Clermont O, Bonacorsi S, Bingen E. The clermont Escherichia coli phylo-typing method revisited: improvement of specificity and detection of new phylo-groups. Environ Microbiol Rep. 2013;5:58–65.
Helalat H, Rezatofighi SE, Roayaei Ardakani M, Dos Santos LF, Askari BM. Genotypic and phenotypic characterization of enteroaggregative Escherichia coli (EAEC) isolates from diarrheic children: an unresolved diagnostic paradigm exists. Iran J Basic Med Sci. 2020;23:915–21. https://0-doi-org.brum.beds.ac.uk/10.22038/ijbms.2020.42119.9959.
Mukherjee SK, Mukherjee M. Characterization and bio-typing of multidrug resistance plasmids from Uropathogenic Escherichia coli isolated from clinical setting. Front Microbiol. 2019;10:2913.
Patel G, Bonomo RA. “Stormy waters ahead”: global emergence of carbapenemases. Front Microbiol. 2013;4:1–17.
Endimiani A, Hujer AM, Perez F, Bethel CR, Hujer KM, Kroeger J, et al. Characterization of blaKPC-containing Klebsiella pneumoniae isolates detected in different institutions in the Eastern USA. J Antimicrob Chemother. 2009;63:427–37.
Nordmann P, Cuzon G, Naas T. The real threat of Klebsiella pneumoniae carbapenemase-producing bacteria. Lancet Infectious Dis. 2009;9:228–36.
Lascols C, Peirano G, Hackel M, Laupland KB, Pitout JD. Surveillance and molecular epidemiology of Klebsiella pneumoniae isolates that produce carbapenemases: first report of OXA-48-like enzymes in North America. Antimicrob Agents Chemother. 2013;57:130–6.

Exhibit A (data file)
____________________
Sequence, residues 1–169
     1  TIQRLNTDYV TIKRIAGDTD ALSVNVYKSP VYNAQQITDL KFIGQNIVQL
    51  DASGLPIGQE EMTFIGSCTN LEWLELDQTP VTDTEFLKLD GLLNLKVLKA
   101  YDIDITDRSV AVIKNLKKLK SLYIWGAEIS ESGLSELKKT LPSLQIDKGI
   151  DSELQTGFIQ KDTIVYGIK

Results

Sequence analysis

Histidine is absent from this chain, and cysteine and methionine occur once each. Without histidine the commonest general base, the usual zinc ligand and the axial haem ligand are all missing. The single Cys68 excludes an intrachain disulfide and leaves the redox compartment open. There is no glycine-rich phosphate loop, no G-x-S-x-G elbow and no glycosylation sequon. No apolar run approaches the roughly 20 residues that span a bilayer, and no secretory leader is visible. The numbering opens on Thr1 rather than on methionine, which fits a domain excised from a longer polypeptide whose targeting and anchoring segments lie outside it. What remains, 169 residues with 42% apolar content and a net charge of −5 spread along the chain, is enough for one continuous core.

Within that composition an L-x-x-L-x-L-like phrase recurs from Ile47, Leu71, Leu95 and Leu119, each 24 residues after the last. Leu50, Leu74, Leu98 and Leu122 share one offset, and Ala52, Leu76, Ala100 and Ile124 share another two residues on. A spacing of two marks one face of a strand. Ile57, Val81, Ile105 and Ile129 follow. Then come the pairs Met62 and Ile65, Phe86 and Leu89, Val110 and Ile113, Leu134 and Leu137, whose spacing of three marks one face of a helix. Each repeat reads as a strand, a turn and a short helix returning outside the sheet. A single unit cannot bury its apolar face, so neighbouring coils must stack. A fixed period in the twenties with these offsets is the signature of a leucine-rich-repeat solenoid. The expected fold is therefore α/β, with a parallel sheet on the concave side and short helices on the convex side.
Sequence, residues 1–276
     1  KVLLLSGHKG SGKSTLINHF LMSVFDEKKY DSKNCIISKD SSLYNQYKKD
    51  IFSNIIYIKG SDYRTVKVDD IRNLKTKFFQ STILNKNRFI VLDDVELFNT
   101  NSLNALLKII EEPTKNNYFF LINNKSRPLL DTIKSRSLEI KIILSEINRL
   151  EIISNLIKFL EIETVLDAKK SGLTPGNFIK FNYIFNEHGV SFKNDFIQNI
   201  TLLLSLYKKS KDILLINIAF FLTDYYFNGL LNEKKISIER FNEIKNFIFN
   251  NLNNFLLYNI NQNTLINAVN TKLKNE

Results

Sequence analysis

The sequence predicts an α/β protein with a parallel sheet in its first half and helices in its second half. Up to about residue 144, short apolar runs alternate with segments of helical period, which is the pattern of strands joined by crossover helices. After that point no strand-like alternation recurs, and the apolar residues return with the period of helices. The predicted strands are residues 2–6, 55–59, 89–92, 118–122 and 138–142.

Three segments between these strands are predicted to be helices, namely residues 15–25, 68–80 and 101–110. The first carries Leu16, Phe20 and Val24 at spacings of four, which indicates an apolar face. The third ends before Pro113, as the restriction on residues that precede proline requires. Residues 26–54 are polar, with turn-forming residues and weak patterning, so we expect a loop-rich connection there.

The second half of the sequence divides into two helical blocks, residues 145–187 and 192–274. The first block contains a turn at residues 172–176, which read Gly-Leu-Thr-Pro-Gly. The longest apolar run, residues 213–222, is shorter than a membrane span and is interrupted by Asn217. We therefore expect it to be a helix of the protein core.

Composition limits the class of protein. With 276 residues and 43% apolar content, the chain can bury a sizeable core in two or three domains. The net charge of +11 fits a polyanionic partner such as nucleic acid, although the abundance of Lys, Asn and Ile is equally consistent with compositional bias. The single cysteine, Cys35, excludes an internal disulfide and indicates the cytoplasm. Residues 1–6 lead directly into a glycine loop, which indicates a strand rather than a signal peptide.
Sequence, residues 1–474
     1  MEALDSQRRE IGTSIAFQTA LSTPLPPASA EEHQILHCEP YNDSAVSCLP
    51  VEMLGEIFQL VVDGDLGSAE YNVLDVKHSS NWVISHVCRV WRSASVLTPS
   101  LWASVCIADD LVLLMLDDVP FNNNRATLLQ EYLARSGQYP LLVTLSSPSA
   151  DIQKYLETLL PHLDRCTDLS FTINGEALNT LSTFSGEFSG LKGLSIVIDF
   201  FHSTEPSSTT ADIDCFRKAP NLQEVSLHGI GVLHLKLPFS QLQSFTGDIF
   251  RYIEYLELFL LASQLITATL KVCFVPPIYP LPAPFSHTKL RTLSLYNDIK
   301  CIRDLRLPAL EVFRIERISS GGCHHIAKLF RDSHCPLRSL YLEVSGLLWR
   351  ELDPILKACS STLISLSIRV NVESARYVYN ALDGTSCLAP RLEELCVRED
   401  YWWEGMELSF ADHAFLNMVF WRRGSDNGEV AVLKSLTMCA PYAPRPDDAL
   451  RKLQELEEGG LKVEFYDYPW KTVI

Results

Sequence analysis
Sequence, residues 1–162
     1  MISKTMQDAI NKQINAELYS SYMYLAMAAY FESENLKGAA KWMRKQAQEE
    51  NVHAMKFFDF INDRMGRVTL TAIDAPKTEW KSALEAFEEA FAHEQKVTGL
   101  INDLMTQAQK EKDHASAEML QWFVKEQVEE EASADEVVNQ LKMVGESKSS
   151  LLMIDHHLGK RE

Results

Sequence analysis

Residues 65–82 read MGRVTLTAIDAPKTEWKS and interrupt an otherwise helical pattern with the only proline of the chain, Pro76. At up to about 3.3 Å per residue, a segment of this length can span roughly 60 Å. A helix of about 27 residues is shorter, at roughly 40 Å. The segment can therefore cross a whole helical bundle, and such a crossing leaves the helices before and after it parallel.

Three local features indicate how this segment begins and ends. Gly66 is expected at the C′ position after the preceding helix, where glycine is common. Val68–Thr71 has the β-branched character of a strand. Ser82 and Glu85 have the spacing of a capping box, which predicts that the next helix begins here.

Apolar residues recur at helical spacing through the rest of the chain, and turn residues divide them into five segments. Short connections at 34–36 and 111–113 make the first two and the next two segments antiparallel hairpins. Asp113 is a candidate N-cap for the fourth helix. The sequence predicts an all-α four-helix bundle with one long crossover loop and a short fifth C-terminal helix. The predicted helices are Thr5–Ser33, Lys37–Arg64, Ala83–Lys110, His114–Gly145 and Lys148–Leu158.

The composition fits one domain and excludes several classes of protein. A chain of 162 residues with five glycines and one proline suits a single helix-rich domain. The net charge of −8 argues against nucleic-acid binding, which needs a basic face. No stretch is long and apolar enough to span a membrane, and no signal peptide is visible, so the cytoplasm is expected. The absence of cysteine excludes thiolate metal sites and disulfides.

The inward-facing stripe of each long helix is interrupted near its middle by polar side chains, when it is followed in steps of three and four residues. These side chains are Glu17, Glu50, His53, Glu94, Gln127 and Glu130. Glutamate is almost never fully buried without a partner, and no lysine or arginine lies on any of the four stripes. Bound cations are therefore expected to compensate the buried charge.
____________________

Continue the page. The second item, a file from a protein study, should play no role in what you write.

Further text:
Mathers AJ, Hazen KC, Carroll J, Yeh AJ, Cox HL, Bonomo RA, et al. First clinical cases of OXA-48-producing carbapenem-resistant Klebsiella pneumoniae in the United States: the “menace” arrives in the new world. J Clin Microbiol. 2013;51:680–3.
Mugnier PD, Poirel L, Naas T, Nordmann P. Worldwide dissemination of the blaOXA-23 carbapenemase gene of Acinetobacter baumannii. Emerg Infect Dis. 2010;16:35–40.
Karam MRA, Habibi M, Bouzari S. Relationships between virulence factors and antimicrobial resistance among Escherichia coli isolated from urinary tract infections and commensal isolates in Tehran. Iran Osong Public Health Res Perspect. 2018;9:217–24.
Shahbazi S, Asadi Karam MR, Habibi M, Talebi A, Bouzari S. Distribution of extended-spectrum β-lactam, quinolone and carbapenem resistance genes, and genetic diversity among uropathogenic Escherichia coli isolates in Tehran. Iran J Global Antimicrob Resist. 2018;14:118–25.
Malekzadegan Y, Khashei R, Sedigh H, Jahanabadi Z. Distribution of virulence genes and their association with antimicrobial resistance among uropathogenic Escherichia coli isolates from Iranian patients. BMC Infectious Diseases 2018;18.